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An Education First At The deCordova: Pre-School At The Museum

Surprisingly, some RCA readers seem to have interpreted my last post, about Mark Bauerlein’s criticism of the arguments used to advocate for arts education — which was certainly not against arts education itself — as a lack of interest in early arts education.

Thumbnail image for deCordova_park.jpgNothing could be further from the truth. I’m for arts education, no matter how we get it done — and where. In fact, among the items of interest that I’ve saved in the last few weeks to comment on here is one about a museum pre-school.

The deCordova Sculpture Park and Museum in Lincoln, MA., announced this month what it calls the first pre-school in an American art museum. The parent cooperative school — Lincoln Nursery School — will hold class there for 4- and 5-year-olds from September 13, 2010 through June 9, 2011; it will, according to the press release, “broaden its hands-on, experiential philosophy at deCordova’s campus, utilizing all the Sculpture Park and Museum have to offer.”

LincolnNurserySchool.jpgThe deCordova is building on an existing relationship with the Lincoln Nursery School, which “has taken advantage of deCordova’s campus by exploring, discovering, and learning about the sculpture, art, and landscape. For example, in the fall of 2009, Lincoln Nursery School students visited the Sculpture Park for a field trip and soon after, created their own sculpture at the Lincoln Nursery School, inspired by Steven Siegel’s environmentally-friendly newspaper installation, Big, with rift.”

Charming, apt, and enlightened. If the picture above, from the school’s website, doesn’t warm your heart, I don’t know what will.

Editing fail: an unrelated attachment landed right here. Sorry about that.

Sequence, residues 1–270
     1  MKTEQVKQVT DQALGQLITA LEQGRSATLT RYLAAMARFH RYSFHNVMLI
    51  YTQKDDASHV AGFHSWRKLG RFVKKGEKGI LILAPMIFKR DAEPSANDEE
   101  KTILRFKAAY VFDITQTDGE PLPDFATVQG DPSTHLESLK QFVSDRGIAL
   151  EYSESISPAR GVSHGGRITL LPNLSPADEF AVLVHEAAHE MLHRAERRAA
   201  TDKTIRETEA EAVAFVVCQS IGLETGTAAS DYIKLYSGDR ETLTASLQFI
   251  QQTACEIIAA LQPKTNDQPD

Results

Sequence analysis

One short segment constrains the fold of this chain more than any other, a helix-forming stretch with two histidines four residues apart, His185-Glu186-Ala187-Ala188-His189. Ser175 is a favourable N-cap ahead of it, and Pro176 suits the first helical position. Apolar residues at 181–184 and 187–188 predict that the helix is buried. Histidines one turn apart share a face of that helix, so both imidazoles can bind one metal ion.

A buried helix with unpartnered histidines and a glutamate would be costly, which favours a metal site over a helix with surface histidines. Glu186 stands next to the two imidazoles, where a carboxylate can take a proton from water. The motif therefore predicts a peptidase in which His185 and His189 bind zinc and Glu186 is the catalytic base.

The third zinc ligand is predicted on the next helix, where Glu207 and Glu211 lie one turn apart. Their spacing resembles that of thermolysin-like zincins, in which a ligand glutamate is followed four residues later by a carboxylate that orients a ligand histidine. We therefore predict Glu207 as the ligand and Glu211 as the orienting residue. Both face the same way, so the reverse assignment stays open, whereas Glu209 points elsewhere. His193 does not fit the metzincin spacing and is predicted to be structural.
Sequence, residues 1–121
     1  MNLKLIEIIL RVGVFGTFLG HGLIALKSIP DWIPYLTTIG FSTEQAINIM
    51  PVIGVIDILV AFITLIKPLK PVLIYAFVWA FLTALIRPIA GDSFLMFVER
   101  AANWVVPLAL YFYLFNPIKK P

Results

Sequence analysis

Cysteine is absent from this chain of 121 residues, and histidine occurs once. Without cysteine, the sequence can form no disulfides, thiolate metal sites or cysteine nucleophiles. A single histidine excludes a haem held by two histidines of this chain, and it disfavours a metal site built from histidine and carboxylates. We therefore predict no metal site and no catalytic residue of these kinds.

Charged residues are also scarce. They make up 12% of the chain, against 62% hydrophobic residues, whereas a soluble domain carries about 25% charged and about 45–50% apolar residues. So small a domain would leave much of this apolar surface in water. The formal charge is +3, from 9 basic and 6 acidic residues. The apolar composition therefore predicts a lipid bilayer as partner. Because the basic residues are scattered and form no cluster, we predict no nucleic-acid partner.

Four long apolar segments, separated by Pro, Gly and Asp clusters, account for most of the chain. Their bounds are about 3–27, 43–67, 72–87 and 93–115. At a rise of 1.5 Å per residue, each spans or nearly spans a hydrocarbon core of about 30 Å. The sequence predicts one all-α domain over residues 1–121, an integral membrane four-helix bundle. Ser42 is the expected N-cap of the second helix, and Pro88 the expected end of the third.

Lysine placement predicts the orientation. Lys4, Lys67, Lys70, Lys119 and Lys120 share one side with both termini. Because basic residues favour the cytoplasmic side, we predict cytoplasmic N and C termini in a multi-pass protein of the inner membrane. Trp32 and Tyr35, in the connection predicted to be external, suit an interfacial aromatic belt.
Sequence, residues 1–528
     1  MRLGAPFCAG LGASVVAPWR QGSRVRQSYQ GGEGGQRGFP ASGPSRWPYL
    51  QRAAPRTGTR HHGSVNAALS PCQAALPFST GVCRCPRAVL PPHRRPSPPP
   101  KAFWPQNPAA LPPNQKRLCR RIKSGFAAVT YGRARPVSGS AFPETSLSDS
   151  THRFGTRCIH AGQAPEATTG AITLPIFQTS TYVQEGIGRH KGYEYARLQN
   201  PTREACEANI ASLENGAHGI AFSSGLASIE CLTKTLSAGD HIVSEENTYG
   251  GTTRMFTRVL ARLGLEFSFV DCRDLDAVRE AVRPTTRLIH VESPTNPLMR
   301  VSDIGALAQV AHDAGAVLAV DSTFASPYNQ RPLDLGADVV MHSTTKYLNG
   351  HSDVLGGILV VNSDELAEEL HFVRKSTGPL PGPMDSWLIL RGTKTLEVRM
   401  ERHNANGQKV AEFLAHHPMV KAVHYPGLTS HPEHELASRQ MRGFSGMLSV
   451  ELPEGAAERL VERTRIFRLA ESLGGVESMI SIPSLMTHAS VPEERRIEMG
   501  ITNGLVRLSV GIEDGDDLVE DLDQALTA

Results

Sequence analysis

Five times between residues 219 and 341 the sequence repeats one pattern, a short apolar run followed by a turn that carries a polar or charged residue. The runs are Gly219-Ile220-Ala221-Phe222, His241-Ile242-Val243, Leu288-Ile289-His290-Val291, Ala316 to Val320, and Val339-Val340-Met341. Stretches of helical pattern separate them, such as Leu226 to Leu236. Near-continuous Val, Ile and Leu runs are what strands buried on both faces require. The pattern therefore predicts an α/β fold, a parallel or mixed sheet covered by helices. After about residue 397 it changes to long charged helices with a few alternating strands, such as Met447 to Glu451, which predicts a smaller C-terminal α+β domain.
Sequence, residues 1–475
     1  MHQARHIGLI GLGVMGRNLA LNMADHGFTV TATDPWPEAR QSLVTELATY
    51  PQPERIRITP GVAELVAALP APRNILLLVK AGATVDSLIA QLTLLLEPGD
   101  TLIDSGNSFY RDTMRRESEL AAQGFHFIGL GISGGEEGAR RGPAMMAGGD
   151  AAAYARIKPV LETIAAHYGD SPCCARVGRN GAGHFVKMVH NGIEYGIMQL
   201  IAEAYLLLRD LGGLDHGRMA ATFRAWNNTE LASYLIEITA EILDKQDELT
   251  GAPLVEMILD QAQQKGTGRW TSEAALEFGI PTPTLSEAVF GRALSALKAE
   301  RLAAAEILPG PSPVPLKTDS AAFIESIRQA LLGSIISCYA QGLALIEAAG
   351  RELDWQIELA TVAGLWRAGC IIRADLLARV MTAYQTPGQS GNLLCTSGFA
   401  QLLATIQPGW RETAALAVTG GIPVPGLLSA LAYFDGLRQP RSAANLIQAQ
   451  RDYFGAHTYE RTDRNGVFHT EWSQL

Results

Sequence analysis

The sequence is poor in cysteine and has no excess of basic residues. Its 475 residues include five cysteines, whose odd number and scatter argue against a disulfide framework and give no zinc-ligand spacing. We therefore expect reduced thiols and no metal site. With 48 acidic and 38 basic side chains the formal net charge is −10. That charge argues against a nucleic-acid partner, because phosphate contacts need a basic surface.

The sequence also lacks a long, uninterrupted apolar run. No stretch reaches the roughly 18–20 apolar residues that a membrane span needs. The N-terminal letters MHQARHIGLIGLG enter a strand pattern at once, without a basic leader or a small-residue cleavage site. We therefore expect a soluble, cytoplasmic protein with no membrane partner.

Nancy Fincke, Director of Lincoln Nursery School, said in the release:

…I believe environments influence our thinking. The opportunity to experience the Sculpture Park, nature, the studio classroom, and the Museum at large on a daily basis will inspire children and adults to observe, ask questions, and express their stories through movement and materials. We (the faculty) will in turn make visible to the community the children’s expressions of their experiences.

The only downside I can see about this is the 15-child limit, no doubt because of space. I’d bet there’s a long waiting list. And maybe it will be an inspiration.

And speaking of inspiration, I have no idea if this is a first, but I tip my hat to David Zwirner Gallery in Chelsea for hosting, last week, a one-day exhibition and reception for youngsters (aged 6 to 13) participating in New York City’s Dept. of Parks & Recreation summer camps.

Yes, lots of museums do this, but I’m not so sure about commericial galleries, which created the event for the kids and their parents, but opened it to the public. Zwirner also showed a short documentary showing the children making art inspired by classic contemporary artists, like Jasper Johns and Roy Lichtenstein. Here are the details.  

Photo Credit: Courtesy of the deCordova Sculpture Park and Museum (top); Lincoln Nursery School (bottom)


  1. Thomas Klocke says

    I’m afraid the deCordova cannot claim the title of the first. The Kansas Arts Commission, a state agency, has been funding preschool arts programs at art museums for 15+ years: Wichita Art Museum, Mulvane Art Museum (Topeka), Beach Art Museum (Manhattan), let alone preschool art programs in Art Centers across the state: Lawrence Art Center, Salina Arts Center, Wichita Center for the Arts, and others.

  2. Thanks for your comment — I think there still may be a difference, and it depends on what you mean by “programs.” DeCordova has a pre-school embedded with it — not just pre-school programs.

  3. Lovely post, and I agree: get ’em engaged and comfortable early. The Kohler Arts Center, a community-minded and innovative contemporary art museum near Milwaukee, has run a preschool for years ( I’ll be curious to see if your readers turn up any other examples.

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